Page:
CTRL, the team behind RC Racing TV contacted us earlier this year with a vision of using their expertise gained in producing programs about radio controlled cars to create a new pilot for a TV show all about Formula G. They see it as the new breakthrough in racing and something different to what is currently shown on many motoring channels.
Mat the director said “As soon as we saw the events that Fueltopia did we loved how exciting, accessible and ‘real’ the racing was, we can’t wait to show this to everyone else too”.

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December. Bagged Bull

Add power, attitude and heavily caffeinated graphics to a Scirocco and what you get is a pretty cool VW.
This is a classic father, son story as many a car build, but I think what we got here was something unique and we can’t wait to see what they come up with next.
A Racingline Performance air intake helps feeds the turbo whilst the Forge Motorsport intercooler helps intake temps stay down. An APR Stage 2+ map brings the final number to 370bhp.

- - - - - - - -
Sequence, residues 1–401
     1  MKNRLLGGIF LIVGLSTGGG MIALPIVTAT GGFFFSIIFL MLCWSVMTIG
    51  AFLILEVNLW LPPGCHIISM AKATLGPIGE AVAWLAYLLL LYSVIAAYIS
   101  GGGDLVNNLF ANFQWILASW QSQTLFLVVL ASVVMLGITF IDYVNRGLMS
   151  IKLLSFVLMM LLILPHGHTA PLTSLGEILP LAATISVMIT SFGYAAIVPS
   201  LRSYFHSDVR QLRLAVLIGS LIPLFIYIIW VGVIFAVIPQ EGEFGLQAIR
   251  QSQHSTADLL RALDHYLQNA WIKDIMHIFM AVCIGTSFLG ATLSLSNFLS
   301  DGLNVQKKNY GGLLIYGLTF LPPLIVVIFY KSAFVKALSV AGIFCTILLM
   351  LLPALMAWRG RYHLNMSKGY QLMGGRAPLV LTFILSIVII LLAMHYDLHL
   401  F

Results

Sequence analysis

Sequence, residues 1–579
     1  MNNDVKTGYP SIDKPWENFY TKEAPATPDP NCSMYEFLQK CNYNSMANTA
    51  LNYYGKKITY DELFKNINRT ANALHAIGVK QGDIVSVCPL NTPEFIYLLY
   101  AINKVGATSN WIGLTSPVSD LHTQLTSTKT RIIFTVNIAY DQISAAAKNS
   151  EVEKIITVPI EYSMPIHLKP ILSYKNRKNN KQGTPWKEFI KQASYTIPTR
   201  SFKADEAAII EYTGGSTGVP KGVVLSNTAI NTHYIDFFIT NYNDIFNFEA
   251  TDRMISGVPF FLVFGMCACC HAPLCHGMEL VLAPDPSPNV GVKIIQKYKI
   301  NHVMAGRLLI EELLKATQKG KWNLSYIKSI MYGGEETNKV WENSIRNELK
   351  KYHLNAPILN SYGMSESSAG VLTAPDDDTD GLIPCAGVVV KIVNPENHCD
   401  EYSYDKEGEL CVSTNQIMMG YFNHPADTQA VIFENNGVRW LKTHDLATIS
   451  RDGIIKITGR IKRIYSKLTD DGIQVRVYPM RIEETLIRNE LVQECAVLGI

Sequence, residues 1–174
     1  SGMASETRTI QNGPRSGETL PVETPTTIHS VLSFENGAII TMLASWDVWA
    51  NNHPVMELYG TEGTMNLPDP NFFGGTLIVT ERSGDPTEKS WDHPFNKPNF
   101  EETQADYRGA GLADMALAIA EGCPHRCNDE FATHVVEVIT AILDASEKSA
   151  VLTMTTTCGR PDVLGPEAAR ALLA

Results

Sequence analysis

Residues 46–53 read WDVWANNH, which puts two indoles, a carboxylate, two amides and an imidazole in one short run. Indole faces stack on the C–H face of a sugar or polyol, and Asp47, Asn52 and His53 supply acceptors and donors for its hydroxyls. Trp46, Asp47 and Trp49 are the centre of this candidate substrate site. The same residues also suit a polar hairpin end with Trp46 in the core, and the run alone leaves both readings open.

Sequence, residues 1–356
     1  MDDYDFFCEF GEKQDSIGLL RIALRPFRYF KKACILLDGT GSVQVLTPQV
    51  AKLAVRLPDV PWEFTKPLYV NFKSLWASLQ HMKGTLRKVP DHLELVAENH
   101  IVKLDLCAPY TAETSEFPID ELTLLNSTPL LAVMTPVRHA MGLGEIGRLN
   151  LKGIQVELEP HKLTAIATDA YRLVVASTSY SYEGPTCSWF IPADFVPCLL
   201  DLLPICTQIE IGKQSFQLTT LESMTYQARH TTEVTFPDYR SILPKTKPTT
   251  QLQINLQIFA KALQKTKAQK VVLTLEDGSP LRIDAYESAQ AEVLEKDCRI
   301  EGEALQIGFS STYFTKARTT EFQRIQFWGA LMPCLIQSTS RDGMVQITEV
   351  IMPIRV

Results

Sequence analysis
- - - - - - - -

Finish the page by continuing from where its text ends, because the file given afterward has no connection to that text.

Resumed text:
Event

6R4.net Track Day – Curborough

1st August 2017 — by Steve White

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In a year filled with national and World Championship motorsport weekends, it may surprise you to read that a simple club track day was one of my most anticipated events in 2017.

The inaugural 6R4.net track day was the unexpected surprise of 2015 and it’s follow up in 2016 built on that initial success to produce an even better event.

After ironing out the creases last year, the structure of the 2017 track day was effectively a carbon copy of 2016, with many of the same owners once again returning to Curborough Sprint Circuit.

Considering the above it might seem hard to understand how the repeat running of a single-marque track day could hold so much appeal. Crucially though, the focus of this meet wasn’t a commonly occurring mass-produced model, but a rally icon rarely seen in great numbers.